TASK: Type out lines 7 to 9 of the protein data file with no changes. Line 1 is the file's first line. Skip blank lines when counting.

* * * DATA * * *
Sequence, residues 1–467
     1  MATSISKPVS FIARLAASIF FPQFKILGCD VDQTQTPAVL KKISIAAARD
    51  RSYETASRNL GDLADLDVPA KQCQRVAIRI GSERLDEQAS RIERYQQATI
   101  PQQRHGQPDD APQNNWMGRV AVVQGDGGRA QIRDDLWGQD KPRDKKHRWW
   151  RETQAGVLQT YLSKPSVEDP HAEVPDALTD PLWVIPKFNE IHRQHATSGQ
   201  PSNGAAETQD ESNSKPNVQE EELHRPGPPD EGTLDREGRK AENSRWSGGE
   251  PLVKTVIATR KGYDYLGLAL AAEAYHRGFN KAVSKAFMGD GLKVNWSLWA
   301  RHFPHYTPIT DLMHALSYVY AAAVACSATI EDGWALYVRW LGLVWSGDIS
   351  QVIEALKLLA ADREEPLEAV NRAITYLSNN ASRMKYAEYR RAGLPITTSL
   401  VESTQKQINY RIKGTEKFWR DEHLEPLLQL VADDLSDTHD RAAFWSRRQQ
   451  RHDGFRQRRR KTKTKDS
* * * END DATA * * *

   251  PLVKTVIATR KGYDYLGLAL AAEAYHRGFN KAVSKAFMGD GLKVNWSLWA
   301  RHFPHYTPIT DLMHALSYVY AAAVACSATI EDGWALYVRW LGLVWSGDIS
   351  QVIEALKLLA ADREEPLEAV NRAITYLSNN ASRMKYAEYR RAGLPITTSL